Website Translation using Agile Workflows
Website translation has long been viewed as essential for companies wanting to consolidate their international business. However, the recent pandemic and the resulting focus on digital working for companies across the world has made website translation – or website localisation as it is sometimes called – even more crucial for success. Those who previously lagged behind in terms of online presence have quickly realised that if they want to enter new markets or strengthen their international footprint beyond the pandemic, they must adapt quickly, or risk being left behind, and website translation is central to those efforts.
According to a recent survey of more than 3000 global consumers in 10 non-Anglophone countries, 75 per cent prefer to buy online if the website is available in their native language, which illustrates how important website localisation is for reaching overseas audiences. For companies with an established international presence, website translation is not so much an optional extra, as a crucial component of their global strategy, which involves multiple translations to cover the huge volumes of content that customers demand from their brands in a highly competitive globalised marketplace. However, those responsible for organising website localisation on behalf of global brands know that there is more to this task than just pressing a button; to be most effective, skilled translators must be used to create compelling content in the relevant foreign language. From a process point of view, another crucial component when it comes to website translation is to devise tailored workflows that facilitate integration with various content management systems (CMS), so that that large scale website translations are a seamless process.
Global companies are working with increasingly large amounts of content across multiple platforms. Translating this into multiple languages can seem a daunting task – especially if a brand experiences a surge in growth and must upscale its website translation in multiple languages. There is also the added concern of how to handle such large amounts of data and information in a secure, compliant way.
Thankfully, technology is available which allows businesses to seamlessly push copy directly from their CMS into cloud-based translation management systems, which are compatible with the likes of Drupal, WordPress and Joomla.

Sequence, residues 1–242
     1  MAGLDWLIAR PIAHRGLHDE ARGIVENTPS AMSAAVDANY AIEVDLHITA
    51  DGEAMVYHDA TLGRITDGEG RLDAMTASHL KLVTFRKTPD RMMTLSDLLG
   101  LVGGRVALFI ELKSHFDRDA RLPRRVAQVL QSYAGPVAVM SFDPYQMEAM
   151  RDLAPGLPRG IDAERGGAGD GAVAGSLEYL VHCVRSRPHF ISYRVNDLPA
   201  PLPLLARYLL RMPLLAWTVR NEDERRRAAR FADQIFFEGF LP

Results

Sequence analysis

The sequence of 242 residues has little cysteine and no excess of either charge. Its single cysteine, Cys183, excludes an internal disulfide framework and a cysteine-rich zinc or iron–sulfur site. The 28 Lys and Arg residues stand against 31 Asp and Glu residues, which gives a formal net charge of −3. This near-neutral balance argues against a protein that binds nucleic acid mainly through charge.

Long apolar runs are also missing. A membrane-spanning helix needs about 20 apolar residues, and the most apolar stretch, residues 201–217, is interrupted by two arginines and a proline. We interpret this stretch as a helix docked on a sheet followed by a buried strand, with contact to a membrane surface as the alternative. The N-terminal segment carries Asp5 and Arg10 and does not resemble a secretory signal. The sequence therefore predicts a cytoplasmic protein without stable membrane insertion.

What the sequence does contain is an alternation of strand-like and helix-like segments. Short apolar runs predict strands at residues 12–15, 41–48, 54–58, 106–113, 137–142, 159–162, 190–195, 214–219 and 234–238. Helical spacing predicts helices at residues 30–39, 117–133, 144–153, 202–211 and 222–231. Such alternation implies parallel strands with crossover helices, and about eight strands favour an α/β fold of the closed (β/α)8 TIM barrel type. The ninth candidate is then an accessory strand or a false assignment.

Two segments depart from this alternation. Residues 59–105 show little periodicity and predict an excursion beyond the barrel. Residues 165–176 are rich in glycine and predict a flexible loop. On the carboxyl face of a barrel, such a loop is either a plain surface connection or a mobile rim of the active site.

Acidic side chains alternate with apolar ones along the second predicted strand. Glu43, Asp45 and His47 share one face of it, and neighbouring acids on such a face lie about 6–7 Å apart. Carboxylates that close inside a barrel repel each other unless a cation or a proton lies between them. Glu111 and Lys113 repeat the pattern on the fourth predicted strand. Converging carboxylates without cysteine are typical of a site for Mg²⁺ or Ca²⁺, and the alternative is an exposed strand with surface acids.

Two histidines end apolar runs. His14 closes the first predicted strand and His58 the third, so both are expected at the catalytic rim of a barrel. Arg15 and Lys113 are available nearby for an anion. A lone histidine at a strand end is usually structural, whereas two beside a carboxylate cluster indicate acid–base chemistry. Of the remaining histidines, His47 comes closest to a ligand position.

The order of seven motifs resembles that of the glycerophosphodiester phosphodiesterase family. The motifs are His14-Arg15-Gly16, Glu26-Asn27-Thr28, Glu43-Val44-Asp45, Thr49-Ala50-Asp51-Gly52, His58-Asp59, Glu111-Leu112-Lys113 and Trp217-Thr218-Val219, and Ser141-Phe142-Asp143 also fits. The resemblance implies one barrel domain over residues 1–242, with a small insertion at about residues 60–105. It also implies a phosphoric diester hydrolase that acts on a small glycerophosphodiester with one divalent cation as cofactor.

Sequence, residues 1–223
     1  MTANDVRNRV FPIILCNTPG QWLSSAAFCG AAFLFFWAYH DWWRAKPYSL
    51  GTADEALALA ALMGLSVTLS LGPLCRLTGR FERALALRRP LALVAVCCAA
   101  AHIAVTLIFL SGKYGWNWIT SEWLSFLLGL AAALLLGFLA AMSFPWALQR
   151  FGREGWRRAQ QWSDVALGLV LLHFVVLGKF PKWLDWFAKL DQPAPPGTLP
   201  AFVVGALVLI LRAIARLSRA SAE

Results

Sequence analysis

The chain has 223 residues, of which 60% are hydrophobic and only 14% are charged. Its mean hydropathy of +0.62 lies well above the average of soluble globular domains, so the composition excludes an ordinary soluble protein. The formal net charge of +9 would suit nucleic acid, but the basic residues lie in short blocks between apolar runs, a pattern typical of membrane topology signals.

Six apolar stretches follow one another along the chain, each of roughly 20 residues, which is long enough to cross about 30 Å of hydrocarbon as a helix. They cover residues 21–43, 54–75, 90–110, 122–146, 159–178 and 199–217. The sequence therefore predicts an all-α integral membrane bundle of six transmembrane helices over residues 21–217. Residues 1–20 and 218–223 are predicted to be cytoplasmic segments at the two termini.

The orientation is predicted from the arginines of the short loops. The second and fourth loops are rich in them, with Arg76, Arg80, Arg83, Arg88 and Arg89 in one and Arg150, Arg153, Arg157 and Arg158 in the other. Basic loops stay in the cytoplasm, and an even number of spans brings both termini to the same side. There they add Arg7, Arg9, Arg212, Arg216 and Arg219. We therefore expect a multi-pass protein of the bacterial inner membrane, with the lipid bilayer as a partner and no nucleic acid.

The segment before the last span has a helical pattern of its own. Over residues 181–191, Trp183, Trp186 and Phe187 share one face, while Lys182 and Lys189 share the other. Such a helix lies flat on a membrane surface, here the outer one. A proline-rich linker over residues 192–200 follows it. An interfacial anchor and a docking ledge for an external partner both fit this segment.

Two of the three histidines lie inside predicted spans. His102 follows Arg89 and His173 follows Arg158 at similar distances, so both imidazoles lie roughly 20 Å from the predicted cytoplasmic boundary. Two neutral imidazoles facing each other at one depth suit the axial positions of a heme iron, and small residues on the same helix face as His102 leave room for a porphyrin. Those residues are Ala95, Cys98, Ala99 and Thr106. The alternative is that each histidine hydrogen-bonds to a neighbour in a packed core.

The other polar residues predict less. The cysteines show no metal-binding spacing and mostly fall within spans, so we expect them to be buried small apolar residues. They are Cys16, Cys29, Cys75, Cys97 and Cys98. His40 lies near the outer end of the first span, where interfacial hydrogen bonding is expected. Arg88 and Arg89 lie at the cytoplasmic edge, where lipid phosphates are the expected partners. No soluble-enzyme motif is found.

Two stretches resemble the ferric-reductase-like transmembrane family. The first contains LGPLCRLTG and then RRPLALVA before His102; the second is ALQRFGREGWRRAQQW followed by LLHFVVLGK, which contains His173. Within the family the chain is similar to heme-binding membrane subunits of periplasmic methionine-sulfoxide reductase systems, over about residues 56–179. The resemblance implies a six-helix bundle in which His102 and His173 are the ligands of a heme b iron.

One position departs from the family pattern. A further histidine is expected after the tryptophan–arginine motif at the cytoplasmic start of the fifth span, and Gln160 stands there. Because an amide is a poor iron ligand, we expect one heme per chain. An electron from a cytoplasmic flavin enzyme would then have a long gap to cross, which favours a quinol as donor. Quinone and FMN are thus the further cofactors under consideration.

Many translation providers are experienced in working with IT teams to help configure a company’s CMS in the most appropriate way for translation, creating a workflow which ensures relevant content can be pushed to the translation process quickly and efficiently. Doing so can save huge amounts of time and money, allowing client teams to concentrate on their primary role rather than worrying about website localisation. A streamlined process such as this can also ensure that new and updated content can be quickly and easily processed for translation, which is especially important for brands that produce regular content that needs translation.
Some translation providers are even able to develop their own CMS connectors, which can be particularly useful where clients have a highly customised CMS, which isn’t compatible with off-the-shelf products. In this case, it can be appropriate to design a bespoke connector to allow all translatable content from the site to be transferred into a translation management system and pushed back into the CMS once translated. Other options include proxy servers, which facilitate easier and faster delivery of website translations. These solutions act as a mirror of the source language site and allow translations to be deployed on the fly with no exporting of content required.
Translation of marketing content into another language often involves more than just translating the original content as it is. Different target audiences and cultures need messages that are tailored to their specific markets, with their own cultural and linguistic considerations. This is especially true of highly creative content where straight translation might not have the desired impact. This process is known as transcreation and falls somewhere between translation and copywriting. It involves a greater degree of client interaction in order to define preferred tone of voice and the key messages that should be communicated, however it can yield fantastic results.
An important consideration for a global website localisation project of any scale will be data security. Communicating between multiple parties working in different territories, all of which have individual processes when it comes to online security can become challenging.
There is also potential for the content itself to be highly confidential – for example, if it relates to industries such as pharmaceuticals, technology or finance, or which details new product launches. In these cases, it’s more effective to use a centralised system, which facilitates secure transfer of content, and prioritises version control.
Workflows exist which ensure translations take place within secure, online digital platforms that are accessible from anywhere in the world, meaning content can be imported and exported without the need for long email chains or compromised security using third party software.
International websites which are dynamic in terms of new content creation and in providing users with new technologies to enhance their experience, should rely on an equally innovative and aligned translation workflow for their website translation requirements.